NEW YORK (AP)—Phoenix Suns president and CEO Rick Welts revealed to the
public that he is gay in a story posted on The New York Times’ website Sunday,
saying he wants to break down one of the last significant social barriers in
Welts’ declaration is the latest development on a subject has gained
attention in the sports world recently, after Lakers star Kobe Bryant’s use of a
gay slur on the basketball court and NHL player Sean Avery’s public support of
Welts talked to NBA commissioner David Stern, WNBA president Val Ackerman,
Hall of Famer Bill Russell and Suns guard Steve Nash before discussing his
sexual orientation with a reporter from the Times, the newspaper said. All of
them offered Welts their support.
“This is one of the last industries where the subject is off limits,” the
longtime executive told the paper. “Nobody’s comfortable in engaging in a
The Suns did not offer a statement Sunday when contacted by The Associated
Press. Messages left with Welts’ public relations team were not returned.
Welts is one of the most prominent figures active in sports to openly
declare that he is gay, although there has yet to be an active player in the
NBA, Major League Baseball or the NFL to make such a statement. Some athletes
have done so after their playing careers.
The 58-year-old Welts, who began his career as a ball boy for the Seattle
SuperSonics, spent several years with Stern in the league office. He was the
architect of the All-Star Weekend and helped raise the NBA’s profile before
leaving for the Suns’ front office.
Welts told Stern about his sexual orientation during a meeting in New York
last month. The next day, Bryant responded to a technical foul by calling
referee Bennie Adams a “faggot” during the third quarter of a game against San
Antonio—touching off a firestorm of controversy and underscoring the taboo
nature of the subject in sports.
The Lakers star was fined $100,000; Bryant has since offered multiple
Also last month, Atlanta Braves coach Roger McDowell allegedly made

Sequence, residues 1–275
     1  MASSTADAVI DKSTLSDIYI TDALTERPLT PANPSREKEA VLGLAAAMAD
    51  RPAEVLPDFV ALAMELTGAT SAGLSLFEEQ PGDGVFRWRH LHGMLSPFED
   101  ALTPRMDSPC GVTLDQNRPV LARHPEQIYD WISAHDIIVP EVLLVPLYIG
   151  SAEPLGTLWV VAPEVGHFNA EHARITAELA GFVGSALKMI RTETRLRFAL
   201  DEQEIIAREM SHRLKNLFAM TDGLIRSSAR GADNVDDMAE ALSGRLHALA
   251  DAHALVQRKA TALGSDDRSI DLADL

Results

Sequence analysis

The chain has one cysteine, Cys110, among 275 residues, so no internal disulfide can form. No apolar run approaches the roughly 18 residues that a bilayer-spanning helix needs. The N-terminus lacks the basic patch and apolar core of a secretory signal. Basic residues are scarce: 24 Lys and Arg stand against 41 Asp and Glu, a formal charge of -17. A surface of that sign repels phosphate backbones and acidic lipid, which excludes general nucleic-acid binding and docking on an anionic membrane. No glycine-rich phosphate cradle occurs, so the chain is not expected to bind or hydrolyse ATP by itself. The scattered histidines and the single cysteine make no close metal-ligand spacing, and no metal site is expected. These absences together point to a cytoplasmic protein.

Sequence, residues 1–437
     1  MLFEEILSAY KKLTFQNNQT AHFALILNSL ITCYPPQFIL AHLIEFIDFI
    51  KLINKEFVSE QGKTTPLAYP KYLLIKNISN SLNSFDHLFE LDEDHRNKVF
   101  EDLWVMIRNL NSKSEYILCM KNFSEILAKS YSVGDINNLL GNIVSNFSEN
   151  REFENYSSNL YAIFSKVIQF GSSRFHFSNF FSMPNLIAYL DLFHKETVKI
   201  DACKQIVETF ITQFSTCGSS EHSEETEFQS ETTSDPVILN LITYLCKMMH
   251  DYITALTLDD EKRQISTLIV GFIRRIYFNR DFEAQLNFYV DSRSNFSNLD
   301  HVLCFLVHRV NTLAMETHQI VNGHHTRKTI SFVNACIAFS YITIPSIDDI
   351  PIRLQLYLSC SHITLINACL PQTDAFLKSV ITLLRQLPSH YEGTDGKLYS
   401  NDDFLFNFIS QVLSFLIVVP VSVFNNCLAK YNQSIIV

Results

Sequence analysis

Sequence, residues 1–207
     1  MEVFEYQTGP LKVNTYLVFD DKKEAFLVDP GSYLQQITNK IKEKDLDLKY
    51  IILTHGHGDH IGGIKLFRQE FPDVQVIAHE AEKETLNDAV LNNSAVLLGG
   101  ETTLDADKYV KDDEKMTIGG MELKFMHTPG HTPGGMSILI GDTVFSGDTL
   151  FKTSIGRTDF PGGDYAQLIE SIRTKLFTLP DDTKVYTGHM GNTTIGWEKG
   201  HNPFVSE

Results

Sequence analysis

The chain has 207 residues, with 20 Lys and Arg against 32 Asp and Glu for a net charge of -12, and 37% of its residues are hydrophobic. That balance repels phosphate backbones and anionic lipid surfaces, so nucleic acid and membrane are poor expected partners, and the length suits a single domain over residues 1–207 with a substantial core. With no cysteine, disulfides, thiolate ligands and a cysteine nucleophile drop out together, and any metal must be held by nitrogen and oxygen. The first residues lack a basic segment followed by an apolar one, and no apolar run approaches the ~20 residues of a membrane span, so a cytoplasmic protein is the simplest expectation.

homophobic comments, crude gestures and threatened a fan with a bat before a
game in San Francisco. McDowell served a two-week suspension and also apologized
for his remarks.
Then there was Avery, the outspoken New York Rangers agitator, who offered
his support for same-sex marriage in a video as part of the New Yorkers for
Marriage Equality campaign.
Hockey agent Todd Reynolds tweeted that it was “Very sad to read Sean
Avery’s misguided support of same-gender ‘marriage.’ Legal or not, it will
always be wrong.” Damian Goddard, who hosted a show on Rogers Sportsnet in
Canada, tweeted his support for Reynolds and was fired.
Among the only people Welts opened up to were his parents and younger, only
sibling, Nancy—although Stern said he had a feeling his friend was gay. Stern
even telephoned Welts after his longtime partner, Arnie, died from complications
of AIDS in 1994.
Now, after all these years, Welts has decided it’s time to come out of the
“What I didn’t say at the time was: I think there’s a good chance the world
will find this unremarkable,” Stern told the Times, recalling their meeting in
which Welts revealed he was gay. “I don’t know if I was confusing my thoughts
with my hopes.”
Welts said he told Nash because they hold each other in high professional
regard. According to the newspaper, Nash was tipped off about what Welts wanted
to discuss and was surprised only because he thought everyone already knew that
Welts was gay.
“I think it’s a shame, for all the obvious reasons, that this is a leap
that he has to take,” Nash said. “Anyone who’s not ready for this needs to
catch up. … He’s doing anyone who’s not ready for this a favor.”